Doug Jardine & Diseases in Sorghum

(Jamie) Thanks for staying with us. Let’s see what Dr. Jardine has to say about diseases found in sorghum, specifically Fusarium and Charcoal Rot.
(Duane) Duane Toews joining you once again with AGam in Kansas. And while the 2016 Sorghum Schools were going on across the state a chance to catch up with Plant Pathologist at Kansas State University Doug Jardine. And Doug, we think about sorghum crops, not always the most glamorous as far as diseases are concerned but there’s some old school diseases that continue to plague that particular crop. (Doug) That’s right Duane and we covered a lot of different diseases today, but in grain sorghum in Kansas, most of our problems come either at the very beginning of the year, or at the very end of the year. So, in the first part of the talk, we talked a little bit about the seedling blights that are out there. There are no magic bullets for the growers to try and control those. Our sorghum seed comes treated with a fungicide and for the most part it does a pretty good job. But in certain years, especially if we get a lot of rainy cold weather within a week or two after planting, those products just don’t keep up and then they can have some problems. So, we talked a little bit about that and the conditions that are brought on. In the middle of the talk we covered a lot of areas of things that maybe are just occasionally seen. So, they may be curious about them. But in the big picture things, they really don’t cause any yield loss. An then the thing that we really hit hard, was the stalk rots. In 2015 there were many places in the state, especially in the north central, northwest area of the state, where we had significant lodging in many fields. I personally saw fields that had lodging that were several acres in size. I mean, they were absolutely flat on the ground. And of course, that becomes a harvest nightmare for the growers. Even if the yields are there, if they want to try and pick it up, they have to drive real slow and time is money for them. And so, we talked about the conditions that can bring on stalk rot in Kansas. We have two. One called Fusarium and one called Charcoal Rot. Fusarium likes a little cooler, wetter weather. Charcoal Rot likes hotter and drier. In 2015 pretty much everything we saw out there was Fusarium stalk rot. And so there’s things they can do controlling insects because the loss of leaf area can increase Stalk Rot. There are some fertility things we know, adding chloride if it’s needed to a field can increase the standability. And then we talked about genetic resistance and we used some current field data where they had significant amounts of lodging in some of the hybrids and zero in others. And we talked about how they can use information, for instance in the Kansas State Sorghum Performance Test to help them make those final selections on hybrids. (Duane) Obviously when you see those lodging issues it becomes very apparent what your yield loss is. You and I’ve talked before that healthy plants are the most productive plants and sometimes our disease issues tend to be that silent yield robber. (Doug) That’s right. One of the things we talked about with growers is that you can in fact have Stalk Rot without lodging. Lodging is the most severe case of Stalk Rot and in some of our late planted sorghum this year, it got iced on and it got big winds and that caused a lot of lodging. But just the decay of that lower stalk, it reduces the flow of nutrients and water up to the head as it’s developing and you end up with smaller heads with smaller seeds and maybe five or ten percent yield loss with no lodging at all out in the field. (Duane) Our thanks to Doug Jardine for joining us here at KFRM and AGam in Kansas with the 2016 Sorghum Schools. Jamie, we’ll send it back to you.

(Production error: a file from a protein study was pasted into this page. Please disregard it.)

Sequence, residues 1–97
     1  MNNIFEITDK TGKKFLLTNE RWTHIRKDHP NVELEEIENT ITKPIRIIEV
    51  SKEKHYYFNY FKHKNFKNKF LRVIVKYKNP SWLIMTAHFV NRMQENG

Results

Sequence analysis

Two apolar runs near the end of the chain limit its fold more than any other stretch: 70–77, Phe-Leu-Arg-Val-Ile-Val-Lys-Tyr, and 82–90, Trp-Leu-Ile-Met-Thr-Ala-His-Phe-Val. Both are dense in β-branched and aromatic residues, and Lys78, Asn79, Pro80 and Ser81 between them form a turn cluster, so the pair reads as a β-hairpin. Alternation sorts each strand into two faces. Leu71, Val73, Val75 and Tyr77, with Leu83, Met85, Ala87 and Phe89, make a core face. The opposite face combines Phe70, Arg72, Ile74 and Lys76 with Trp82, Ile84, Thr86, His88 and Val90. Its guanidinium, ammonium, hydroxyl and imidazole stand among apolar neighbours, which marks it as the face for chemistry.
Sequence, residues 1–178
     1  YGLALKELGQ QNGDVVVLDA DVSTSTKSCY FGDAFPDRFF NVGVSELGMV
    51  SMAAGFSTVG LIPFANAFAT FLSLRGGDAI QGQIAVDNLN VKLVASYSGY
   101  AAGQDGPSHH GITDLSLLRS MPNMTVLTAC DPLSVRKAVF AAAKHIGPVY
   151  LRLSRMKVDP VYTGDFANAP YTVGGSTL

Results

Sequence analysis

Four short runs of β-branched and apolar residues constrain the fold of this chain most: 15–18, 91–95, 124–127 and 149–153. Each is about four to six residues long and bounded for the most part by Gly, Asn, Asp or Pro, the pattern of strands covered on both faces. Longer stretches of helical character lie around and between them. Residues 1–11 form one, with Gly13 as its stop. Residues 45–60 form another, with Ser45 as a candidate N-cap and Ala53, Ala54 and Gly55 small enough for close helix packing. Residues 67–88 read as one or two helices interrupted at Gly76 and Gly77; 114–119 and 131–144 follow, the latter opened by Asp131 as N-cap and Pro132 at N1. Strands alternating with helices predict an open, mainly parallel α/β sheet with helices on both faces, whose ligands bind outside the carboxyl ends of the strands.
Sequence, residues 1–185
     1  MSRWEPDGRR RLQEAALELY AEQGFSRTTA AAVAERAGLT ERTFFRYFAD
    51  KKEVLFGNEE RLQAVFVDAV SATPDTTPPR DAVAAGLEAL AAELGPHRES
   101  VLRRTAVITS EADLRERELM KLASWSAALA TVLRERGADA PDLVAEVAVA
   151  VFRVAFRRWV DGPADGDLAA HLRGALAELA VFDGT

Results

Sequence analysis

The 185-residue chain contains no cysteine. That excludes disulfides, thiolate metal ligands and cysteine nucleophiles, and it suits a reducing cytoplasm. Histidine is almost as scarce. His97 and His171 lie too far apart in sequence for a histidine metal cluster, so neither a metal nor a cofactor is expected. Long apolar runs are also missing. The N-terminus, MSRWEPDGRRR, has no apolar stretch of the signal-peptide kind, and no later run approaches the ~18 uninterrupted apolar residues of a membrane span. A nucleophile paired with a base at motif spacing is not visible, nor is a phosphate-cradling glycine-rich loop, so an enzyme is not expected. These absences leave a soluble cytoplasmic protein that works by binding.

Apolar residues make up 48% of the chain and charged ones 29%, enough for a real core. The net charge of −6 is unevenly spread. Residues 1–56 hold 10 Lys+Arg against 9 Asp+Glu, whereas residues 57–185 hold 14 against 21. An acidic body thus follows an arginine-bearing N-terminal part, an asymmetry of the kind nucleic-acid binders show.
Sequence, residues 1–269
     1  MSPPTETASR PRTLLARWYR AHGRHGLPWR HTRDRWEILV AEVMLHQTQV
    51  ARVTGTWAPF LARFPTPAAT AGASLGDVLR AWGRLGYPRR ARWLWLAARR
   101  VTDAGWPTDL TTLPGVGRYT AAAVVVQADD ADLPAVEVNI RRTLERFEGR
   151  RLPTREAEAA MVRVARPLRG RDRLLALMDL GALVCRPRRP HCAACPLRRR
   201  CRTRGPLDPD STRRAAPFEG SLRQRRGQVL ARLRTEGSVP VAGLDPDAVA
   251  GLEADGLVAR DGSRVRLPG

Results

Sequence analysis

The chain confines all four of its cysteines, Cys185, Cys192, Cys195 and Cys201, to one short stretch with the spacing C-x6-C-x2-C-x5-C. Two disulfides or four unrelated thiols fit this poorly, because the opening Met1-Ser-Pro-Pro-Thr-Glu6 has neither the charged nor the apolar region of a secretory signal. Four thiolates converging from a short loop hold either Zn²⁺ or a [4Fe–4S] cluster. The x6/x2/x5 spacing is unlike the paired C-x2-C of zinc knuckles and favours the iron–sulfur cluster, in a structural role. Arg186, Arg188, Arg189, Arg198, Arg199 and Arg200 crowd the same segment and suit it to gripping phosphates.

(Jamie) Thanks, Duane! Folks, come back after the break for the Kansas Farm Bureau Legislative Update.

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